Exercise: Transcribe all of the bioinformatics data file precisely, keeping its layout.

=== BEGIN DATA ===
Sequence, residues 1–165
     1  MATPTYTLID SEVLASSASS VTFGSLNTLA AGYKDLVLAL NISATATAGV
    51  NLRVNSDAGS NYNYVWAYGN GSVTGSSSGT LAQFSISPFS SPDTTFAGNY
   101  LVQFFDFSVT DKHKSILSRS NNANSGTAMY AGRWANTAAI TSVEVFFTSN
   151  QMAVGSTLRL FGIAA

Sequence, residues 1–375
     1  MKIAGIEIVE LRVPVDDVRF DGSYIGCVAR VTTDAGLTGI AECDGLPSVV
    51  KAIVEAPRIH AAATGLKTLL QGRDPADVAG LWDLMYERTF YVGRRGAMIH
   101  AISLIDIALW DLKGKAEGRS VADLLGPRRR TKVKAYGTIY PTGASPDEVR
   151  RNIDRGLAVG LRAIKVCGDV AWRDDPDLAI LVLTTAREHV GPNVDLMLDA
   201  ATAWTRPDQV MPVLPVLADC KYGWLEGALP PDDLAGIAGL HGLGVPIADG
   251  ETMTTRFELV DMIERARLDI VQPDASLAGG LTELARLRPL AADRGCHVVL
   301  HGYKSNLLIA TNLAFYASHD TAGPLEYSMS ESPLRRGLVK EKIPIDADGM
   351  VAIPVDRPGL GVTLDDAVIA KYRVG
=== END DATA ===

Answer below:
Sequence, residues 1–165
     1  MATPTYTLID SEVLASSASS VTFGSLNTLA AGYKDLVLAL NISATATAGV
    51  NLRVNSDAGS NYNYVWAYGN GSVTGSSSGT LAQFSISPFS SPDTTFAGNY
   101  LVQFFDFSVT DKHKSILSRS NNANSGTAMY AGRWANTAAI TSVEVFFTSN
   151  QMAVGSTLRL FGIAA

Sequence, residues 1–375
     1  MKIAGIEIVE LRVPVDDVRF DGSYIGCVAR VTTDAGLTGI AECDGLPSVV
    51  KAIVEAPRIH AAATGLKTLL QGRDPADVAG LWDLMYERTF YVGRRGAMIH
   101  AISLIDIALW DLKGKAEGRS VADLLGPRRR TKVKAYGTIY PTGASPDEVR
   151  RNIDRGLAVG LRAIKVCGDV AWRDDPDLAI LVLTTAREHV GPNVDLMLDA
   201  ATAWTRPDQV MPVLPVLADC KYGWLEGALP PDDLAGIAGL HGLGVPIADG
   251  ETMTTRFELV DMIERARLDI VQPDASLAGG LTELARLRPL AADRGCHVVL
   301  HGYKSNLLIA TNLAFYASHD TAGPLEYSMS ESPLRRGLVK EKIPIDADGM
   351  VAIPVDRPGL GVTLDDAVIA KYRVG